This modular synthesizer demo was filmed about a year and a half after I got my first modular synth. I had a really difficult time choosing which modular system to buy because there are just so many different options out there. When I first decided to buy a modular synthesizer, I thought I would go with the Eurorack format. Eurorack (also know by its nickname, Euro), is a small and very portable format of modular synthesizers. it is roughly the same size as 500 series analog, pro audio sound recording equipment. The euro format is very popular in the modular market right now because it is so easy to take on the road, and also, it has hundreds of manufacturing companies who create modules solely for it. That makes it attractive to buyers because it gives them so many options when building their first synth, or when expanding their current modular setup. The other most popular formats fall under the category of 5U modulars. 5u is kind of an umbrella category which hangs over the subcategories called MOTM and MU. MOTM is what I think of as "true 5U" because it's kind of its own thing. The MOTM modules are not quite as big in size as the MU, but they tend to be similar in sound. 5U modular systems are known to be a little bit more gritty and gnarly than the Eurorack format stuff. I think it could be due to the fact that 5U uses a higher voltage than Eurorack does. MU format is the largest standard format out there. It stands for "Moog Unit," and, as you might be able to guess, it means that the size of each MU module is the same size as the old Moog modules from the infamous Moog Modular that was being manufactured back in the sixties and seventies. My Synthesizers.com system is an MU system, and I am very proud to be in the MU community. A lot of the MU users are guys who like music from the sixties and seventies that contain modular synths. The synth sounds and the melodies that accompany them from that musical era are quite unique. I have to say, I am definitely a fan. Sometimes, these MU guys get accused by the Euro users for being "Stuck in the 70s" or something along those lines. While it may be true in some cases, I would say that it's not a problem! In fact, I'd say it's definitely a good thing that people still use these synths to create the style they were used for at the time they were first distributed!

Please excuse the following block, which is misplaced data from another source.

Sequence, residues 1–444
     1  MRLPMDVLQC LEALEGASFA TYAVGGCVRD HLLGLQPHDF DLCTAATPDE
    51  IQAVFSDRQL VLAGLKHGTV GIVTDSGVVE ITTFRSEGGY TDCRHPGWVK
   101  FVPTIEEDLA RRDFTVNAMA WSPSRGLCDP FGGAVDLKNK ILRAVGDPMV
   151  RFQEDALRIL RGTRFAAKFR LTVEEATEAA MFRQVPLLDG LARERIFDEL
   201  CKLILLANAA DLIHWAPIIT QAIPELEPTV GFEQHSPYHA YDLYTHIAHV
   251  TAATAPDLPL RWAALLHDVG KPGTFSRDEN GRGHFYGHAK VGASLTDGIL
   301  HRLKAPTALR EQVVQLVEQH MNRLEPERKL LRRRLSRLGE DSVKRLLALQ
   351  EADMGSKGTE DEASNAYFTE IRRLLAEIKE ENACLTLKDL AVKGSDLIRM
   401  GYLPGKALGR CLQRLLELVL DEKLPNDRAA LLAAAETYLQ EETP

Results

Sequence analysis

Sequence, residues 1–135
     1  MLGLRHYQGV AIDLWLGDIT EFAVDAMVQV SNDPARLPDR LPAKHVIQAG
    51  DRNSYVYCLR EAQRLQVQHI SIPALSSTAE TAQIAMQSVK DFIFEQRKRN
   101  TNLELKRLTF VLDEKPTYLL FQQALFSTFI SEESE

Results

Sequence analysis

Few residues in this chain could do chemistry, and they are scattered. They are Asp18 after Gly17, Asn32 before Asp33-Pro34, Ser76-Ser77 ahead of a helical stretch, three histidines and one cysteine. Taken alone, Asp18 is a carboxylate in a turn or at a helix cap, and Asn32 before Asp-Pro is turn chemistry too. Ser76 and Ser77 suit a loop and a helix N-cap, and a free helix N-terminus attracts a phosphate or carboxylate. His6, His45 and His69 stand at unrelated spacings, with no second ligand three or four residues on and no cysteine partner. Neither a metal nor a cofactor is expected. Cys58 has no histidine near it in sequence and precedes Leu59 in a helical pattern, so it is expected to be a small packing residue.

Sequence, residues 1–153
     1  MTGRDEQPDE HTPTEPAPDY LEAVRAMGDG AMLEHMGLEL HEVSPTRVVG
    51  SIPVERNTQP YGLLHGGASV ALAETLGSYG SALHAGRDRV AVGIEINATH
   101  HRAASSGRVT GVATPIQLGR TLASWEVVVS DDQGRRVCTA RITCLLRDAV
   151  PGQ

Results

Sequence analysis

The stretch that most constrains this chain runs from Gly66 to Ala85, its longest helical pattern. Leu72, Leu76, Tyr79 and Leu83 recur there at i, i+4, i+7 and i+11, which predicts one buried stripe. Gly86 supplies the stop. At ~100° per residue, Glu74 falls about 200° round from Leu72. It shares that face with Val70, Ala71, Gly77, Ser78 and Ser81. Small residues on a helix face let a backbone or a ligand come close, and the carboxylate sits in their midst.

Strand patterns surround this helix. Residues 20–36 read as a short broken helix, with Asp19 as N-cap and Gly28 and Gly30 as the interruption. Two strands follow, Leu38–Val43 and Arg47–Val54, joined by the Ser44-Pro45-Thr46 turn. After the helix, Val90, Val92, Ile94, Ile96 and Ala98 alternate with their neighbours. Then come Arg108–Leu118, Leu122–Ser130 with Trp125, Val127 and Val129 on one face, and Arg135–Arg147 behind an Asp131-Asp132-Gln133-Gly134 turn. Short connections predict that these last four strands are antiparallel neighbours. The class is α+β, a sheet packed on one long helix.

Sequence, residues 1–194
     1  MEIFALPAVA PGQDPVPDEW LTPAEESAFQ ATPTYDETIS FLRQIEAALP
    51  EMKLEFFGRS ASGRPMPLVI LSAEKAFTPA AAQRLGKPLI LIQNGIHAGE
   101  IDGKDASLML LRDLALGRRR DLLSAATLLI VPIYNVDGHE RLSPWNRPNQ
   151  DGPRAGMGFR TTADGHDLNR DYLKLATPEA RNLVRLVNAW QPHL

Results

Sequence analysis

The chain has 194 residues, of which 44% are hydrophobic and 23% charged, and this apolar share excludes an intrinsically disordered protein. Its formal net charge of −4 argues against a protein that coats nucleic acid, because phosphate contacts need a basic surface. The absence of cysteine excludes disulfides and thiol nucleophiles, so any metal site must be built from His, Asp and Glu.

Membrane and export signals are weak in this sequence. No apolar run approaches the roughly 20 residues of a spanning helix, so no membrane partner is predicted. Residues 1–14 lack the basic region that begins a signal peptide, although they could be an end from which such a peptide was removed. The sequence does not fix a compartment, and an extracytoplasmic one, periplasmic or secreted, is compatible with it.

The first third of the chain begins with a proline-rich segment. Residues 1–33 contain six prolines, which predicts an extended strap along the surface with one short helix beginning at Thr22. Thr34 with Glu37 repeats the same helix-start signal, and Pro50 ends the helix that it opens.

Thanks for watching this modular synthesizer demo video!